The Americans Review: “Stingers” (Season 3, Episode 10)

Matthew Rhys, Keri Russell and Holly Taylor in The Americans

There are a lot of words to describe tonight’s episode of The Americans, a game-changing haymaker craftily setup by last week’s feint at slowing things down. The usual adjectives apply to “Stingers”: it’s devastating, heartbreaking, powerfully tense but delicately observed (with praise like that, how can this show possibly not be the biggest thing on TV?). But it’s “Yakovian,” a word I just made-up in reference to comedian Yakov Smirnoff, that I’ll choose to lead with. “Stingers” is no chuckle-fest, despite the April Fool’s Day airdate, but it is one big joke at the expense of the Jennings, a Russian reversal gag of the kind Smirnoff is often associated with: “In Soviet Russia, punchline precedes setup!”

That punchline comes from Tim, of all people. “Stingers” opens with the good pastor trying to buy a ticket package to Kenya, while also selling Philip on the benefits of a family mission trip. “Now’s not the right time, to be honest” Philip says with evasive politeness. “I think it’s always a good time for parents and children to get closer,” Tim replies. Ha. Haha. Oh, Tim. You may not know what it is to be a parent, but you do know know a thing or two about unintentional comic irony! Considering where “Stingers” leaves things by hour’s end, Tootsie showing up in the very next scene makes for a logical followup act to Tim’s hilarious warmup.

In retrospect, the signs for where the episode is going seem almost obvious: the entire opening scene lays out how Tim’s influence on Paige is going to inspire her actions tonight, and you know the show is going to bring its A-game when Fields and Weisberg are handling script duties. But for the first half, “Stingers” plays like an average episode of The Americans burdened by an above-average degree of plot busyness. The show has been spinning more plates than ever this season, but even one this good can’t keep the routine from looking a little wobbly at times.

Just look at how much happens in the first half of the episode: Zinaida really is a rezidentura asset! Henry is still dealing with hormones! Stan is mopey and needs attention! Nina and Baklanov bond over English! Most of this happens even before Philip goes to check on Kimberly, which segues into the Jennings starting a whole new operation involving a visiting member of the Mujahideen. The whiplashing across subplots is even more noticeable once everything becomes about Afghanistan. While Elizabeth is trying to rebound from last week’s draining field mission, and Philip is considering Gabriel’s offer to get little Mischa out of dodge, we’re wondering if the episode title is meant to foreshadow the Jennings’ future involvement in the sale of anti-aircraft weaponry. There’s so much going on in “Stingers” that I watched the first half wondering what had caused The Americans to become so uncharacteristically hectic.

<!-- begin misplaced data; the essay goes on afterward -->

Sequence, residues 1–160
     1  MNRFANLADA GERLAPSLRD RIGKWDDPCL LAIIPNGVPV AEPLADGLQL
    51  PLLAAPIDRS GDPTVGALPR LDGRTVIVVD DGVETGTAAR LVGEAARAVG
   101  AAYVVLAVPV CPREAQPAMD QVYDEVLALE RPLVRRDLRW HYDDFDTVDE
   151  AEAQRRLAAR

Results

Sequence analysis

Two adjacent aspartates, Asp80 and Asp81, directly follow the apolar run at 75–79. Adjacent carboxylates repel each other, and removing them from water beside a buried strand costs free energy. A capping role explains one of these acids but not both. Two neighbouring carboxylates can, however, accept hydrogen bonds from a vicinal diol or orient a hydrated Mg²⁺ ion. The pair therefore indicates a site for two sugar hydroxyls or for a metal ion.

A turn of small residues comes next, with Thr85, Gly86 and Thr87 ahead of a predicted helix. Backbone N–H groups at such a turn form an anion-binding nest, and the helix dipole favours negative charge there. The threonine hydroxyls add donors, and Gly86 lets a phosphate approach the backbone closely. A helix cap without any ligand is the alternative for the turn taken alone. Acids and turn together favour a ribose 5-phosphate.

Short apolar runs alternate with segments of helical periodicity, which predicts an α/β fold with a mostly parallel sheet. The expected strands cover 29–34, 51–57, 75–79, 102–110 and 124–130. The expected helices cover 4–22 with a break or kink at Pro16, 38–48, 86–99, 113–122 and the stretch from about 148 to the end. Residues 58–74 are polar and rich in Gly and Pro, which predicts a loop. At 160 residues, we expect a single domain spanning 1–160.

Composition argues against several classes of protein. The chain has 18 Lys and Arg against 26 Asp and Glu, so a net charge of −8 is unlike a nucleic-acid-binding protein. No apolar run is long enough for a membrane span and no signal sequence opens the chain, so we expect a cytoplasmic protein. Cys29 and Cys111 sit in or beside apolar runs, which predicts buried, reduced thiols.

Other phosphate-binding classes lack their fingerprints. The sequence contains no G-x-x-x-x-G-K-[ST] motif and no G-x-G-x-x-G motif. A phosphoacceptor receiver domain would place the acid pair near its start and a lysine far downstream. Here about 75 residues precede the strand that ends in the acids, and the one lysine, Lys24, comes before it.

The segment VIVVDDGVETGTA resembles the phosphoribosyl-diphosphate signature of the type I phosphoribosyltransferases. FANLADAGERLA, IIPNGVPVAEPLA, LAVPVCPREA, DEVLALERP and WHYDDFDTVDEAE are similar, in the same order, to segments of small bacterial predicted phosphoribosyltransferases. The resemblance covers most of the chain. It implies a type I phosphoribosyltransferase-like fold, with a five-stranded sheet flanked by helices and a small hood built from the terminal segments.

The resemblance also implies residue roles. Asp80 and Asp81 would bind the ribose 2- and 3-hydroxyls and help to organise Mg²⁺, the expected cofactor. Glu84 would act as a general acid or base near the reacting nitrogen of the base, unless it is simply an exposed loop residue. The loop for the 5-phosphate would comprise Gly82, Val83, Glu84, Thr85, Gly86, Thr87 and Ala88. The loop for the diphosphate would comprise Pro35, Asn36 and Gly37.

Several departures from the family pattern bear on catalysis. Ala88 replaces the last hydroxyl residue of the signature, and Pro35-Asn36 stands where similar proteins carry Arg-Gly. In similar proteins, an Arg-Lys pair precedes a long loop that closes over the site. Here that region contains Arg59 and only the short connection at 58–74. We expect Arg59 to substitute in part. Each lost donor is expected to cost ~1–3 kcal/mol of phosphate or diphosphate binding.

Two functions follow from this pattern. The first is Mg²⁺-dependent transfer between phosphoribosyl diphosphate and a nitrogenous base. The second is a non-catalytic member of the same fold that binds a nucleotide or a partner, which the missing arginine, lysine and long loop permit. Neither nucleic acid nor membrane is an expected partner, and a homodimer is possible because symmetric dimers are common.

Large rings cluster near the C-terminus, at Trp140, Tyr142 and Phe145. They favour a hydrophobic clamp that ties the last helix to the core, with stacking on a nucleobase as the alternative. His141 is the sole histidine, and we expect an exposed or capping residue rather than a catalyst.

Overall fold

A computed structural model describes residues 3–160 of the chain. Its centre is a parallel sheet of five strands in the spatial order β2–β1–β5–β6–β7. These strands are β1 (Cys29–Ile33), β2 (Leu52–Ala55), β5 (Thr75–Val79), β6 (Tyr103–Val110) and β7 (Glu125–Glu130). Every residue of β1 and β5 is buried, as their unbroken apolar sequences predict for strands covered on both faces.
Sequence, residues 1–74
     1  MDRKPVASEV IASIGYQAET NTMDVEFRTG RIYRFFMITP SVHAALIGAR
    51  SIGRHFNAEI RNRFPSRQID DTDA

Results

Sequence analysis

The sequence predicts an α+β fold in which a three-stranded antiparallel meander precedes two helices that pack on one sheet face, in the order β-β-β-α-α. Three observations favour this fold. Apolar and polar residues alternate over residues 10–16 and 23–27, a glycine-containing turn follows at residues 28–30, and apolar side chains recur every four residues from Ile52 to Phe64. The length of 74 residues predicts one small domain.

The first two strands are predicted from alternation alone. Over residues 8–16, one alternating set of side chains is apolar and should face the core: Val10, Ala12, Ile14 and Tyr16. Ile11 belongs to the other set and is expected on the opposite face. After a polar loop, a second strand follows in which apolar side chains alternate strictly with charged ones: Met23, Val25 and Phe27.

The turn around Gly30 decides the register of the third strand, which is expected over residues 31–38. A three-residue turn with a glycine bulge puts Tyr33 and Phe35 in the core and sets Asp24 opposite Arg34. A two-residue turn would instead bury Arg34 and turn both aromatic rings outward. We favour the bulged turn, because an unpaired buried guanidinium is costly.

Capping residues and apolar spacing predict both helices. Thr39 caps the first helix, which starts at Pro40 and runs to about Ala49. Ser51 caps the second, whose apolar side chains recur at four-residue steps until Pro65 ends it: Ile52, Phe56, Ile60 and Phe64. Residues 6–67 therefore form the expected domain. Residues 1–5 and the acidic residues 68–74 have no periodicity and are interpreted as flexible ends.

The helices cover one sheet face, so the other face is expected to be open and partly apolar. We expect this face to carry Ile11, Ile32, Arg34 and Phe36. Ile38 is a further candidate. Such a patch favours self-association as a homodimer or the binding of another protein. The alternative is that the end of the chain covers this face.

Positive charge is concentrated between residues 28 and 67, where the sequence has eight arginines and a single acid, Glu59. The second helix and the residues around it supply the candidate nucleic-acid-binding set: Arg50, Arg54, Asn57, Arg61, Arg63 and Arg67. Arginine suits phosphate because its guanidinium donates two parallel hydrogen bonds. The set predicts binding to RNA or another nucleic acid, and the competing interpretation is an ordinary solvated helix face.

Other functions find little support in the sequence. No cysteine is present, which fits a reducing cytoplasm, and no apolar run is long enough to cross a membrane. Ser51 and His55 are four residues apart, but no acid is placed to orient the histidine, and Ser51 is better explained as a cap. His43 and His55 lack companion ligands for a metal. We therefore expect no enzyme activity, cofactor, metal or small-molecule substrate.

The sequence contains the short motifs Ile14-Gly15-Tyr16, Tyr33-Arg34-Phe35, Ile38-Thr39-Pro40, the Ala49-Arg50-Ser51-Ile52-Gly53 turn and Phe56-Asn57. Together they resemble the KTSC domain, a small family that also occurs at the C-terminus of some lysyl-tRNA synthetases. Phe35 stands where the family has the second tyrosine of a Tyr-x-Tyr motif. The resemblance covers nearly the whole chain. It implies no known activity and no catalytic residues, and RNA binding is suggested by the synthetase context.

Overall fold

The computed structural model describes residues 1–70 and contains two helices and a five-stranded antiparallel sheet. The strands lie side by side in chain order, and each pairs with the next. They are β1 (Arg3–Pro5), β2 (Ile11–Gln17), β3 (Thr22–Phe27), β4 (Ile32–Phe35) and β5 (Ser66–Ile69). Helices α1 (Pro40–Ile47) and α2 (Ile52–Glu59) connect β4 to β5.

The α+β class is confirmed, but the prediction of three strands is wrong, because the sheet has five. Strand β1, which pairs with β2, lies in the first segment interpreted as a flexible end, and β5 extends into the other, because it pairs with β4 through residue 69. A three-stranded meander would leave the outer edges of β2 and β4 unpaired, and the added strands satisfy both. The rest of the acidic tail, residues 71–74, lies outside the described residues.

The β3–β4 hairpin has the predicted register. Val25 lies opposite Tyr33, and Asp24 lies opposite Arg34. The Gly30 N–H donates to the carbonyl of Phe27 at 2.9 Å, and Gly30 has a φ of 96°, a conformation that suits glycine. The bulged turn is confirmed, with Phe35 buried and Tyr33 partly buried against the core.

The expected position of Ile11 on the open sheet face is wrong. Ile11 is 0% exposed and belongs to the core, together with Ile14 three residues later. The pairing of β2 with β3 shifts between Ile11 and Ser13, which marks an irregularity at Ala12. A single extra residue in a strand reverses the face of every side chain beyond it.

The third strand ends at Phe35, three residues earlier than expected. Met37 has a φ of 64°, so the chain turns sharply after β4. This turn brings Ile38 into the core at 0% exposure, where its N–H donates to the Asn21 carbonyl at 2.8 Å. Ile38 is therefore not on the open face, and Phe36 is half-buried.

Then Philip and Elizabeth come home late one night to find Paige waiting up for them, and “it” happens. The conversation that the season, and the show have been building towards between Paige and her parents finally happens. The term “schmuck bait” is used by writers to describe a dramatic event that can’t possibly happen on a show, but is made to look like a possibility anyway. Paige finding out about her parents was hardly impossible –heck, it seemed inevitable. But now, in the middle of all this craziness? As Paige kept pressing, backing her parents further and further into a corner, I kept waiting for the bait to get pulled back. “This can’t really happen now,” I thought, “they must have an out, or a delay they’ll employ at the last second. It’s not the right time for this.”

But there was never going to be a “right time” for Philip and Elizabeth to tell Paige that her parents are undercover K.G.B. agents from the Soviet Union. Season 3 has been all about watching the Jennings lose control of their missions, their commitments, and their family: of course they weren’t going to have the luxury of choosing when Paige finds out the truth about them. She presents the case against her parents so strongly that there’s simply no other way to avoid the conversation. Their silence at her accusations doesn’t satisfy her, and any lie they could possibly come up with would just do more damage.

“I need to know the truth, I don’t care what it is. If you love me – if you really love me, then please tell me! What, are you in the witness protection program? Did you guys kill somebody? Are you guys drug-dealers like your friend Gregory? Am I adopted, are we aliens, what?!” The answer is a complicated mix of many of the above, but Philip and Elizabeth end up taking Tim’s advice, treating Paige more like an adult than a child. They present the truth as matter-of-factly as possible, avoiding the details and history of their life as spies in order to get the terrible broad strokes across. Just as Elizabeth saying her real name sealed Betty’s fate last week, Philip simply stating, “we were born in a different country” marks the point of no return.